Connecting the dots
Researchers are looking not only at the benefits for people who are ill, but also at how therapeutic horticulture affects people who are healthy. Charles Guy, Ph.D., a professor of plant physiology and biochemistry at the UF Institute of Food and Agricultural Sciences environmental horticulture department, first became involved when Tisher reached out to Guy’s department to help establish a research arm in the program and to create temporary space in the environmental horticulture department’s greenhouses.
At the same time, an undergraduate, Christine Penman, had been volunteering for Diehl since the beginning of the horticultural therapy program, and was interested in further study of the field for her master’s degree. She worked with Guy, Diehl and Tisher to create a research project that would advance the science of horticultural therapy.
“There’s a huge body of mostly anecdotal literature saying that people who are engaged in gardening are less stressed, happier, healthier and more friendly,” Guy says. “But the science, the empirical evidence, hasn’t been quantified very well.”
To formulate a study that would help lay that foundational science, Penman and Guy met with Sara Jo Nixon, Ph.D., a professor of psychiatry and psychology in the College of Medicine; Song Lai, Ph.D., director of the UF Clinical and Translational Science Institute Human Imaging Core; and Natalie Ebner, Ph.D., an assistant professor of psychology, who furnished Penman and Guy with knowledge about behavior, psychology, neuroscience and brain activation.
The group helped Penman and Guy design a study that would try to connect three dots: The first dot was having people work with plants, Guy says. The second dot was to determine the therapeutic benefits of that work. The third dot — the hardest dot to connect — would be to see what effects those first two dots might have on brain function, using functional magnetic resonance imaging, or fMRI, to measure the change. When Nixon suggested measuring the possible effect using fMRI, Guy’s interest was further piqued.
“My entire career has been about measuring things quantitatively, so when you talk about measuring brain activity, I was all for it,” Guy says. “If we could connect those three dots, then we’ve made an important contribution to the scientific field.”
The two gathered 23 healthy women, 12 of whom were in the treatment group and 11 of whom were in a control group that did not participate in gardening. Over a period of six weeks, the gardening group participated in 12 hourlong sessions. At the beginning and end of the study, the groups took surveys to assess mood, stress, depression and anxiety. The researchers found that many of the participants started the study with high anxiety, high stress and significant depression, even though they were screened for wellness.
“By the end of the six-week program, we saw a drastic reduction in their reported stress and depression,” Penman says. “It made us think there was something going on here, that you would see such drastic results in a healthy population.”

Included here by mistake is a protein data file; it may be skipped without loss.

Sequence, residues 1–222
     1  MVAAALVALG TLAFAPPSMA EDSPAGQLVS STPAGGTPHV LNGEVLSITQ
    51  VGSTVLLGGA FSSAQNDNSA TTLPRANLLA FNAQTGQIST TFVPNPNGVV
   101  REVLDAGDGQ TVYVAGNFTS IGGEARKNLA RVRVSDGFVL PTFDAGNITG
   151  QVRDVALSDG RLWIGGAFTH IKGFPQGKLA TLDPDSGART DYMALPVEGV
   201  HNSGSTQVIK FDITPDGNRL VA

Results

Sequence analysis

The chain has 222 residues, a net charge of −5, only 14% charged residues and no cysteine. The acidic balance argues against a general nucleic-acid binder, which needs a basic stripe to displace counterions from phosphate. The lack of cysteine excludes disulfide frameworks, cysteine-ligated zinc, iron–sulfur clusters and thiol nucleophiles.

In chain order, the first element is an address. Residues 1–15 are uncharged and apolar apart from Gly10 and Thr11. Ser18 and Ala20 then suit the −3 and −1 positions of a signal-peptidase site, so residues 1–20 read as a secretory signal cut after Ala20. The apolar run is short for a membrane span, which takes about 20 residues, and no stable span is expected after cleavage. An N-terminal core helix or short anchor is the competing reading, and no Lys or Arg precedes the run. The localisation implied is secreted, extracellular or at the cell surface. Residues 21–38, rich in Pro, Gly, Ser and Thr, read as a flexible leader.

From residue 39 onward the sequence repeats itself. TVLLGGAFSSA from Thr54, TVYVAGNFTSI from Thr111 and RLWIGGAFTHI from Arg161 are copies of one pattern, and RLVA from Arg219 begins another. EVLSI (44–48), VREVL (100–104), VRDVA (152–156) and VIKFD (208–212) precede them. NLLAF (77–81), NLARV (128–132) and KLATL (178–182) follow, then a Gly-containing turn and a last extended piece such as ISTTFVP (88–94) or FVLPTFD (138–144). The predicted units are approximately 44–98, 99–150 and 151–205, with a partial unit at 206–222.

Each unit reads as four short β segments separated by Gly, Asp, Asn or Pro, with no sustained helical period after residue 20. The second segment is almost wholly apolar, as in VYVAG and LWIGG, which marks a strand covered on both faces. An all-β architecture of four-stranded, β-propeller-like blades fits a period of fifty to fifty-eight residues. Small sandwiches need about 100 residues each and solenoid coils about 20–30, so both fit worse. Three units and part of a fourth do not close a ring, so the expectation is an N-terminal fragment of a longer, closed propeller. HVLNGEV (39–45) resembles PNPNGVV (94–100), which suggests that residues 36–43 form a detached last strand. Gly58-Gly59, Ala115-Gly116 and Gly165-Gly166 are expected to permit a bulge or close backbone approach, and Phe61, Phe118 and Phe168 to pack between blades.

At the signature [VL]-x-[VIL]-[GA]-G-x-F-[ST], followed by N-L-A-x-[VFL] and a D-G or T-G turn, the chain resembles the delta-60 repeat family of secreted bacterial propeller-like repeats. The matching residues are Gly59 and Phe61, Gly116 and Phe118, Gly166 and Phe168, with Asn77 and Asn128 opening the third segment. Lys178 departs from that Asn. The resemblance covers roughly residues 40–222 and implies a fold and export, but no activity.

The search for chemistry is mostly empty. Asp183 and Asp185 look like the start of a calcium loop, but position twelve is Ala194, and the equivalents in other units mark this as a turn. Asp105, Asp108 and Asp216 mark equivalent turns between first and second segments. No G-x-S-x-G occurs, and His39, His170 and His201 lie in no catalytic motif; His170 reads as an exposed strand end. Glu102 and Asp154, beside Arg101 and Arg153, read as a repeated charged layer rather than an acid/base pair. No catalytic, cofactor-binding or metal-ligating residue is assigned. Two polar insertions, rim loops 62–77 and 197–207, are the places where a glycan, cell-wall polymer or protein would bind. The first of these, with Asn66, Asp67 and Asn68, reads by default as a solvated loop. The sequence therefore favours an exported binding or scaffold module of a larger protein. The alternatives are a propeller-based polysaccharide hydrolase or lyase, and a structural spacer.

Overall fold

To see how their experience might affect brain function, the women also received fMRI scans before and after the gardening treatment. During the scans, the women viewed photos of plants and women interacting with plants. Penman was trying to see whether different areas in the brain were activated when the participants were reminded of their time in the greenhouse.
Penman and Guy are still assessing these results, but they hope their study will be a starting point for other similar studies.
“When we started this project, we had no idea of where to look in the brain or how to assess how the general public may be affected by interacting with plants,” Penman says. “I think this really was a pilot study that now can be taken in hundreds of different directions.”
The next calling
With the Wilmot Gardens greenhouse completed in 2014, the therapeutic horticulture program and the gardens continue to grow. Tisher and his fellow volunteers are planning a healing garden. The Gainesville Bromeliad Society planted a garden of bromeliads — the family of plants that ranges from pineapples to Spanish moss. Thirty rare Japanese maples recently gifted to the gardens are now growing their spiky leaves in another corner of the gardens.
“I wasn’t sure what I was going to do after I stepped down as dean,” said Tisher, who for a while held the title of vice president for program development. “I had a lot of interests, but one can only play so much tennis or restore antique tractors for so long.
“I enjoyed working to try to bring back Wilmot Gardens to its previous beauty, and I thought maybe that’s my next calling — to work in this program.”
So what’s the payoff for Tom Mitchell, the Alachua County resident with Parkinson’s disease? The class gives him a good excuse to be outdoors. He likes working with his hands — something he did during his career as a medical physicist in radiation oncology at what is now the Davis Cancer Pavilion
at UF Health. He retired in 2007.
“I’ve never been a gardener. My gardening experience was limited to mowing the grass,” he says. “Now, I’m getting into bamboo.”
Mitchell makes walking canes and wind chimes from the Buddha’s belly bamboo and the stem-stripe bamboo he has started to grow on his 10-acre property, also full of oaks
“We salvaged wood from a big oak tree that blew down and planted staghorn ferns in the tree stump. We learned to do that here,” Tom Mitchell says. “When you live where I live, you have
to be self-reliant. And it’s not only fun, it’s essential.”